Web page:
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'Fight terror with education'

Ashwani Kumar/Abu Dhabi
Filed on June 20, 2016 | Last updated on June 22, 2016 at 04.59 pm
Fight terror with education

'Kerala scholar Kanthapuram says Indian politicians can learn a lot from UAE leaders

Education is the most powerful weapon in the fight against terrorism and also the best medicine against all social ills, feels Sheikh Aboobacker Ahmed, religious Muslim leader in India who is also the first scholar to issue a fatwa against the terror group Daesh.The All-India Sunni Jamiyyathul Ulama general secretary bats for special rules to facilitate rehabilitation of NRIs returning home from the Middle East due to the impact of low oil prices.The scholar from Kozhikode, also known as Kanthapuram AP Aboobacker Musliar, says Indian politicians have a lot to learn from the UAE leaders in terms of treating the poor and needy.He is the chancellor of the Kozhikode-based Markaz Islamic university, which holds the biennial Shaikh Zayed International Peace Conference to promote harmony. Markaz has launched a 'Peace Tree' campaign to plant 100,000 trees across India in memory of Shaikh Zayed.The founder-patron of Knowledge City in Kozhikode says the ambitious project is on track and will help promote skill-based learning. He feels there is no intolerance in India and the need of the hour is secular education. The 'Ustad' with political nous says a third force emerging to rule Kerala could be a possibility.Excerpts from an exclusive interview:

Religious extremism is the biggest threat the world faces today. How can education counter this menace?

Education and employment can help crush terrorism. The 'Education as the Answer' campaign launched by Markaz is aimed at countering religious extremism. Educated but jobless youth often fall prey to extremist groups lurking to recruit members. Even in India, such isolated incidents happen due to lack of education and jobs.Education is the foundation to become a better person. The first word in the Holy Quran is 'Iqra', which means 'read'. The first path shown by the Holy Quran is to read, write and attain knowledge. The technological advances we see now were once unknown to the mankind but he learned and then created and discovered things to make life better.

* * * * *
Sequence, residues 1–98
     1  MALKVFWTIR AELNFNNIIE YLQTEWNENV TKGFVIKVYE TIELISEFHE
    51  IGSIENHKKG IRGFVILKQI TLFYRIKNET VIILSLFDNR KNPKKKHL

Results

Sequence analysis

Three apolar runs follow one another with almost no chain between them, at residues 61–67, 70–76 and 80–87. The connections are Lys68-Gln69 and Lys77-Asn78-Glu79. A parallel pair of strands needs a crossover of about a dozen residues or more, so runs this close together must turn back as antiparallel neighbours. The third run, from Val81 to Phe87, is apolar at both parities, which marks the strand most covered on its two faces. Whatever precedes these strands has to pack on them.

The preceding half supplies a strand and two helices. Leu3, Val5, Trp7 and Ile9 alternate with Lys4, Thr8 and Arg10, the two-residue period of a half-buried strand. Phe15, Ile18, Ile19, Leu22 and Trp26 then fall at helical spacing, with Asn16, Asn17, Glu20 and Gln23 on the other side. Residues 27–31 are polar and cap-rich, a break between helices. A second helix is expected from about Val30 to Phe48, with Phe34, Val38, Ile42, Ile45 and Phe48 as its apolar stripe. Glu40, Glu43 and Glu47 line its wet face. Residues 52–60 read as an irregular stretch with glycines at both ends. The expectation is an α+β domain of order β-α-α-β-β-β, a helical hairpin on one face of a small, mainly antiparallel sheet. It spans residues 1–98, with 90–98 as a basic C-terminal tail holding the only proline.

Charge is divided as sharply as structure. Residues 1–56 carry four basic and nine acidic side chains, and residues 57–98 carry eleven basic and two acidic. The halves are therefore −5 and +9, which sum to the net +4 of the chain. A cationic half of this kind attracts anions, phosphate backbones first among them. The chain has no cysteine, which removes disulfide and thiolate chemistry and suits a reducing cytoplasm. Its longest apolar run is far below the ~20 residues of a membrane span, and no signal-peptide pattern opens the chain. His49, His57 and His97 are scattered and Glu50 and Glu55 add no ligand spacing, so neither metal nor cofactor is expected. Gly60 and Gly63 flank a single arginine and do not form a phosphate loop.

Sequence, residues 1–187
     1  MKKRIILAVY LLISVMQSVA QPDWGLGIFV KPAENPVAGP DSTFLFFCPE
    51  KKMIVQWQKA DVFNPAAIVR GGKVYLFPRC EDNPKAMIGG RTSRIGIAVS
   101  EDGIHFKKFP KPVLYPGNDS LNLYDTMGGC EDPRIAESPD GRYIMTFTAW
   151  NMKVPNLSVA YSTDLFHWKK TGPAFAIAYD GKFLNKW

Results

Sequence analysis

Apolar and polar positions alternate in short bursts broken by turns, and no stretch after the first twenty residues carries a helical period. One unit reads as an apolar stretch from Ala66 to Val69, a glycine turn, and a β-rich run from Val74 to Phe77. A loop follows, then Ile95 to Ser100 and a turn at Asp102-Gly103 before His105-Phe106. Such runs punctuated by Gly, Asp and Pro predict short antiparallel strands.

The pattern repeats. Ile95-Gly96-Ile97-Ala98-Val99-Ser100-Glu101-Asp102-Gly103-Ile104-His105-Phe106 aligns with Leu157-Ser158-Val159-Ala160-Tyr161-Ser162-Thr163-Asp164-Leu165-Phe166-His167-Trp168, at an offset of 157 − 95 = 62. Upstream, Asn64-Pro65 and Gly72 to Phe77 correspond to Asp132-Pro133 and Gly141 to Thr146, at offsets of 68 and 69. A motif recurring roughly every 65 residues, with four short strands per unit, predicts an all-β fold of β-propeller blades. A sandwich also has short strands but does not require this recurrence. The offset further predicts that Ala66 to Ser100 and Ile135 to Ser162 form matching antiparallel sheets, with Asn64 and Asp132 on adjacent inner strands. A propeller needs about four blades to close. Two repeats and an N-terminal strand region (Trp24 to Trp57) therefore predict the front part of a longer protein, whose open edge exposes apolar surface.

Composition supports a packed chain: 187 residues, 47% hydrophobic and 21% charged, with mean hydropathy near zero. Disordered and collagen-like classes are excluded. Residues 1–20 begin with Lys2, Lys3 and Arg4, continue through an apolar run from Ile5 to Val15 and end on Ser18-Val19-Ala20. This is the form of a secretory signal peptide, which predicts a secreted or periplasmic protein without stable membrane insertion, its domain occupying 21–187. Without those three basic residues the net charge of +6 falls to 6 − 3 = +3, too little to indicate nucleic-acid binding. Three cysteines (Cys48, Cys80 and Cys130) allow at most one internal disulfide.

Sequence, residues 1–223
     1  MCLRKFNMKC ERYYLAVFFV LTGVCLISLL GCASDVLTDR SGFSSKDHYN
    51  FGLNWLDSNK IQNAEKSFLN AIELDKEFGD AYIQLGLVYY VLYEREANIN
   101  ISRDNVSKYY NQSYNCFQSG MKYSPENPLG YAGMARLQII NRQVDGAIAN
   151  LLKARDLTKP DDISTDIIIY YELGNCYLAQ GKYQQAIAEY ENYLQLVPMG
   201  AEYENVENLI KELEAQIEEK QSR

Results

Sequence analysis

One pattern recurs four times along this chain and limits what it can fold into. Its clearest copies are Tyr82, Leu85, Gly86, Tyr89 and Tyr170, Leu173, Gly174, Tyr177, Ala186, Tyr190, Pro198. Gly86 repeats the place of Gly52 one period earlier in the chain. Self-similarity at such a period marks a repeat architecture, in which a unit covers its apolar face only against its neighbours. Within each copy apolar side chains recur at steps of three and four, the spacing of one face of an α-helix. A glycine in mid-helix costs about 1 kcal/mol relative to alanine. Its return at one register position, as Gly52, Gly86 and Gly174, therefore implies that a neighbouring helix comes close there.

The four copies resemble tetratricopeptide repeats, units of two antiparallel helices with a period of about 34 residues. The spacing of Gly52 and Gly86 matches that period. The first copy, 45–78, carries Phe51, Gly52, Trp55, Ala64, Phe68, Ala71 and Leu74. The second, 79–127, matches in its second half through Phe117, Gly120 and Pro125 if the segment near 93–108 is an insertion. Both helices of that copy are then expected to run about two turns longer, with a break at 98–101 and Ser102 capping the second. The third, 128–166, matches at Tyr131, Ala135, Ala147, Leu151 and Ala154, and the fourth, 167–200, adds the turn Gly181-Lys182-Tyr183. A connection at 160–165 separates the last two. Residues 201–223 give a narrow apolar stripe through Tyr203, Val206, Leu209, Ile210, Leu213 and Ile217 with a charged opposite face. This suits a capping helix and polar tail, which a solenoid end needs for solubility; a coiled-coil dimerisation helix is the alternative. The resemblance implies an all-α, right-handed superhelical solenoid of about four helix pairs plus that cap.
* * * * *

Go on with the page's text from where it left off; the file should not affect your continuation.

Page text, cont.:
What are the steps taken to promote and develop education as a weapon against extremism?

We understand that social responsibility is an important factor, so all our institutions - Samastha Kerala Sunni Jamiyyathul Ula-ma, Sunni Youth Society, Sunni Students Federation and Kerala Muslim Jamaath - focus on promoting education. In this con-text, Jamia Markazu Ssaqafathi Ssunniyya, which was started in 1978, is significant. It's a university that blends modernity with morality. We have set up schools in almost all states and have more than 200,000 students. We offer them secular education. Those who assassinated our prime minister in 1984 and those behind the 2001 parliament attack were educated but were never taught about their civic obligations. In our institutions, we have changed the prevalent socio-educational model and have won a lot of global acceptance.

What is happening to the Markaz Knowledge City project? What is the progress in this venture?

Due to some unnecessary legal tangle, the project was struck for a year but it is now progressing well. The main campus, Unani Medical College, Cultural Centre and Law College, are almost complete. The main purpose is to churn out more students with skills to match international standards. With our Cultural Centre, we aim to find ways to generate revenue within our institution. We also want to promote the IT sec-tor in a big way.

What is the status of the proposed Shahre Mubarak Grand Masjid?

Yes, the plan is still under process. It will be in Kozhikode.

Do you think India is becoming increasingly intolerant, especially after the Bharatiya Janata Party came to power?

I don't think so. It's just one section of society who thinks that way. Compared to other nations, India is a much more peaceful place. When a new party comes to pow-er, others will naturally point fingers; such things are common. Overall we are a peaceful nation.

Last year you led a delegation of scholars to meet Prime Minister Narendra Modi. Have any of your suggestions been implemented?

We were not asking the Modi government for any policy changes. We just wanted them not to alter history. India should remain India. If anyone reads about the nation, say after 100 years, he shouldn't find a new India. We were assured nothing would be changed. We also wanted an end to communalism and more focus on education.